Every city has something special about it. But when we talk about Mumbai, it is so much more than that one special element. Taj Hotel, Bollywood, and the crazy monsoons are some of the immediate associations that we all have when someone talks about Mumbai. But you have to admit that the scenic excellence of the Marine Drive is what really makes the city gorgeous. While she flaunts its long stretch at night, in the day, the promenade attracts photographers, joggers and tourists.
If you’ve been there, you have definitely noticed the huge ‘four-legged’ concrete structures binding themselves to one another. These boulder-like objects that line up the sea shore might have made you curious.
In case you’re still wondering what we’re talking about, remember the climax of the film Wake Up Sid? How Konkona stood under the rain while the waves played high and low? Yes, those rocks.
Why are they shaped liked the way they are?
Well, these are called tetra-pods and they serve a purpose.
Now we all know that gigantic waves splash and hit the shore hard. They have high energy in them. When these tetra-pods are placed in an interlocking pattern, they tend to form a porous boundary.
So, when the roaring waves travel till this boundary, a portion of its energy is absorbed by the rocks. Being porous, they let some water flow around, rather than against it. A structural engineer on Quora explained this in the best way possible.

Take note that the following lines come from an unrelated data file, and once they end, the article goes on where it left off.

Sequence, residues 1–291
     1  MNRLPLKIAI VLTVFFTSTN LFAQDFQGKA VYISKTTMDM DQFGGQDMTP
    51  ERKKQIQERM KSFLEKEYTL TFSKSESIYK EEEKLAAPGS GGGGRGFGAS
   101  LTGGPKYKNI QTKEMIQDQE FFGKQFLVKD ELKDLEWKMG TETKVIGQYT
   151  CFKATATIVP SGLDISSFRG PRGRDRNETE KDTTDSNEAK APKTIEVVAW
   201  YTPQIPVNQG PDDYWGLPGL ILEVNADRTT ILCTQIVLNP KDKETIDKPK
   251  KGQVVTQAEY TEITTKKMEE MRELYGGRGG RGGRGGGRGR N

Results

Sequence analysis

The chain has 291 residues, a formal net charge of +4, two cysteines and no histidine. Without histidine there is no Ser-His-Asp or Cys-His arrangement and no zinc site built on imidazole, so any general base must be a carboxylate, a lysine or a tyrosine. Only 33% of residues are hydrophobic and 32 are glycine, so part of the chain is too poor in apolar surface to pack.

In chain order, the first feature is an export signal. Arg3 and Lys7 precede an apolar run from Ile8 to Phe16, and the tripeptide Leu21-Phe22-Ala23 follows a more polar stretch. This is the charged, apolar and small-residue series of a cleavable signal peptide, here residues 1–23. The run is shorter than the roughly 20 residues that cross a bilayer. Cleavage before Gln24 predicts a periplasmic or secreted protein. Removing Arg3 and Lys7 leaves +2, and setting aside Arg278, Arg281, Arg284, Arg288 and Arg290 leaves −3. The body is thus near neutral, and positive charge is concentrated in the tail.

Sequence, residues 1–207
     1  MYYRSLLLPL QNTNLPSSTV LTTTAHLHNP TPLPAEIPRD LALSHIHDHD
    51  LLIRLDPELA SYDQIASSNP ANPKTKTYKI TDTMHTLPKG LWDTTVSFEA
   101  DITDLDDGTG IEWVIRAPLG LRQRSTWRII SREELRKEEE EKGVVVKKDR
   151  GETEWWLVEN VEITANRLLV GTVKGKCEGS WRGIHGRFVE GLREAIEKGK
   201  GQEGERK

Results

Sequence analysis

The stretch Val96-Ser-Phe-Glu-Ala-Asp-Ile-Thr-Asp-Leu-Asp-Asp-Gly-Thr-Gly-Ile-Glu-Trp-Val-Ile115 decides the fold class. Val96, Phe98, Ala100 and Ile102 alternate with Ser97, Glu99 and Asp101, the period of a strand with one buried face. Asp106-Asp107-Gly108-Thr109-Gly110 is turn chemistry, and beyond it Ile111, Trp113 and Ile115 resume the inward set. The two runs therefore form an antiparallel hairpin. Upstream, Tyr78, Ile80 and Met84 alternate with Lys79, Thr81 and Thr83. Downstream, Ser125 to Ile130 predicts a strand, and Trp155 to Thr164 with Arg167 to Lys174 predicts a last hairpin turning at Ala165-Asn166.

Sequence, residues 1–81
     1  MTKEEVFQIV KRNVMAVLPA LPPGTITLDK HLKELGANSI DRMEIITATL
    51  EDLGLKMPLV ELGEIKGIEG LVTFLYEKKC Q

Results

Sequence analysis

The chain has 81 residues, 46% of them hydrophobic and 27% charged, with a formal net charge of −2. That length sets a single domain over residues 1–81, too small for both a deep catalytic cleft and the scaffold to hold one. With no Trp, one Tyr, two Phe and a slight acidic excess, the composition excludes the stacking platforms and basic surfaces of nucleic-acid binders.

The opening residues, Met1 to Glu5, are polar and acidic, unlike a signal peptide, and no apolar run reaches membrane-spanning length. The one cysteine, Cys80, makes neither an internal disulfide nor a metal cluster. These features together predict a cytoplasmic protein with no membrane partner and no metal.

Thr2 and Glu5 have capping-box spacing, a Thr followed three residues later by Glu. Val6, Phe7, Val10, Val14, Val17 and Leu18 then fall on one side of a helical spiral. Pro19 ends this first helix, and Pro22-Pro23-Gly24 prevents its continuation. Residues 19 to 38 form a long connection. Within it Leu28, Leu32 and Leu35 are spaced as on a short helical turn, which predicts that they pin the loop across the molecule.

Originated in France, tetrapods popped up in Mumbai in around the late 1950s. Each weighing about 2 tons, there are about 6500 of them costing more than Rs. 5000 per tetra-pod. Other options are also being considered presently to protect shores from damages caused by the waves like geobags, but that’s a story for another day.
Although, sometimes criticized for affecting the scenic beauty, they are quite popular in Japan. It is also said that they interrupt the natural cycle of soil erosion and nutrition.
Bombay is not the only place to have them. Places around the world use them to serve the same purpose.
Here, you can see them at Arakawa river in Tokyo, Japan.
Even Mount Fuji is surrounded by concrete tetra-pods lining the shore of Suruga Bay, Miho no Matsubara.
They are also present at the North Sea in Germany.
Lithuania, a former Soviet bloc nation is Europe’s Southernmost Baltic state, is also surrounded by these beauties.
Go ahead and flaunt this piece of info to your friends. You’re welcome!
Feature Source Image: zipdash.blogspot|Masthead Image Source: flickr